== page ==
This trial evaluated commercial cultivars currently grown on the prairie provinces of Western Canada for their potential adaption to the Pacific Northwest. Seed yield of the mustards in 1989 ranged from 3.5 to 4.3 Mg/ha and oil contents ranged from 27.3 to 36.2 % (Table 2). Generally, the commercial cultivars of B. juncea (brown or oriental mustard) produced higher seed yields and oil contents than the varieties of B. hirta (white or yellow mustard).

Seed yield of the eight cultivars included in the 1990 trial ranged from 0.3 to 2.0 Mg/ha (Table 2). The cultivar `Blaze' had the lowest yield and very poor stand establishment, indicative of poor quality seed. Oil contents of the cultivars ranged from 22.4 to 31.7%. In the very dry conditions of 1990, B. hirta produced the highest seed yield, but the average oil content of the B. juncea was 7.7% higher.

Many of the cultivars of the two species of mustard currently grown in Canada produced excellent crops in the Mediterranean climate of the Pacific Northwest. This indicates that crops of condiment mustard could be grown commercially in this area if sufficient market could be identified. Finite markets for condiment mustard have historically limited Canadian production (Downey et al. 1975). Because of the relatively small markets for condiment mustard, larger markets could be tapped if mustard cultivars were developed that could be utilized as oilseed crops. Incorporation of high oil content, low levels of glucosinolates, and specific fatty acid composition into these two species could allow widespread commercial production of spring mustard in the Pacific Northwest.

Germplasm Evaluation, 1989 and 1990

The 1989 evaluation of 156 accessions of B. hirta produced seed yields which ranged from 0.5 to 4.8 Mg/ha and averaged 2.3 Mg/ha (Fig. 1). The two spring rapeseed cultivars used as controls in this trial, 'Tobin' (B. campestris) and 'Reston' (B. napus) had seed yields of only 0.9 and 0.6 mg/ha. Twenty three of the B. hirta accessions produced seed yields in excess of 3.0 Mg/ha indicative of the very high seed yield potential of this species of mustard. Oil contents of the accessions ranged from 21.8 to 32.6% and averaged only 28.7% (Fig. 2). Under the same conditions, oil contents for 'Tobin' was 35.2% and 39.5% for 'Reston'.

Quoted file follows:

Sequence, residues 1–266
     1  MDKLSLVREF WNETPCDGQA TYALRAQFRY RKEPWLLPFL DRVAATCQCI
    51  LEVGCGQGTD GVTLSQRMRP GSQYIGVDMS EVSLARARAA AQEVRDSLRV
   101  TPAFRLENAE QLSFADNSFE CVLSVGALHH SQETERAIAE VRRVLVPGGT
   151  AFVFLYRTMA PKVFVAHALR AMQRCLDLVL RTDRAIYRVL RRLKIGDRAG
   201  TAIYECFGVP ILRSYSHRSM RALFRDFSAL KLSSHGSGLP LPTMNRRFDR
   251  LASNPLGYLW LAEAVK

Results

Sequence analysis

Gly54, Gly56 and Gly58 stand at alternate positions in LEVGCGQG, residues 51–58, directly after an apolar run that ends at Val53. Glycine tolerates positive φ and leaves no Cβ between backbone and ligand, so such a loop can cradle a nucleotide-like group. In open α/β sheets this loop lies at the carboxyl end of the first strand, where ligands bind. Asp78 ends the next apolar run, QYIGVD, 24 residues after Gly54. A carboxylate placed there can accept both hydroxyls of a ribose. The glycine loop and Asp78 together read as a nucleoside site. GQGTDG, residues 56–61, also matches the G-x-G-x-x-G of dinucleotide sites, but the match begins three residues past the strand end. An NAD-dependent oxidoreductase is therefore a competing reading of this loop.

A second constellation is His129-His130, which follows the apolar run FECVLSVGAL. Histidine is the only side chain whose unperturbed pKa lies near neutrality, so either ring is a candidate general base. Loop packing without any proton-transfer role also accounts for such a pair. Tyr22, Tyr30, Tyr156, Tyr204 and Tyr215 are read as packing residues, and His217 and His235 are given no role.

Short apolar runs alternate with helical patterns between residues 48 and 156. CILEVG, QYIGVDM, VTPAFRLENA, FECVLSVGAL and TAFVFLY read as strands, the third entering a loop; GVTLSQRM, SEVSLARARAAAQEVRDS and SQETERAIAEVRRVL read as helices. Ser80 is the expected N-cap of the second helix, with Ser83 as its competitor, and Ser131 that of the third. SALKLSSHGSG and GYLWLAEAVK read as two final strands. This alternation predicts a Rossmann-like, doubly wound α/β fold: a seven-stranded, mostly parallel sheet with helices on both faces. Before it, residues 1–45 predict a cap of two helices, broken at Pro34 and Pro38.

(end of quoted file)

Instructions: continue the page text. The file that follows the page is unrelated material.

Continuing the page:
The two 1990 trials of B. hirta differed in relative seed yield, reflecting the inflated yield potential often observed in the smaller two row plots (Fig. 1). The two row plots had average seed yields of 3.5 Mg/ha while the six row plots grown nearby had average seed yields of only 1.0 Mg/ha. Seven accessions from the replicated six row plots produced in excess of 1.4 Mg/ha despite the extremely dry weather observed during the summer of 1990. Cultivars which produce high seed yields under the dry conditions experienced in July and August in the Pacific Northwest will need to be developed if commercial production of spring mustard is to be successful. Oil content of all the B. hirta accessions evaluated in 1990 were less than 33%.

As measured by the Tes-Tape procedure (Downey et al. 1975), glucosinolate levels showed a wide range of variation (Fig. 3). The two lines with the lowest Tes-Tape scores, BHLG-3553 and GHLG-3568, were obtained from Keith Downey of Agriculture Canada at Saskatoon, Saskatchewan. These lines had levels of glucosinolates that slightly exceeded the maximum level allowed in canola cultivars. Fatty acid composition of 35 select lines B. hirta showed a wide range of variation. Four of the lines obtained from Agriculture Canada had less than 8% erucic acid, but canola oils marketed in the United States must have less than 2% erucic acid as required by the Food and Drug Administration. This indicates that additional selection will be necessary to improve both the meal and the oil if B. hirta is to be developed as an economically competitive oilseed crop.

The 383 accessions and nine commercial cultivars of B. juncea evaluated in 1990 produced seed yields which ranged from 0.3 to 10.3 Mg/ha (Fig. 4). Four accessions, 72-525, 'Common Brown' ('ComBrown'), 77-18, and 'Juzanka', produced excellent seed yields and appeared to be well adapted to the Pacific Northwest. Oil contents of the B. juncea accessions and cultivars ranged from 28.6 to 41.1% (Fig. 5 ). Only two accessions, 'Jubileja' and 77-978, had greater than 40% oil content indicating that commercial cultivars of B. juncea would need to be selected for this important trait if this crop were to be grown as an oilseed crop.

Canadian researchers have recently developed B. juncea germplasm with low levels of glucosinolates and low levels of erucic acid (Love et al. 1990). These traits are being incorporated into commercial cultivars to allow expanded canola oil production in the drier regions of western Canada. Incorporation of these traits into the higher yielding accessions identified in this study could allow rapid development of oilseed cultivars adapted to the Pacific Northwest.

Even in small plots, only eleven accessions of B. carinata produced seed yields which exceeded 2.0 Mg/ha (data not presented). Oil content of these accessions ranged from 22.1 to 34.6%, indicating that additional improvement would be needed in the oil content of this species to allow commercial production. Additional evaluation of B. carinata for the Pacific Northwest is not planned at this time since other species show more potential for this area.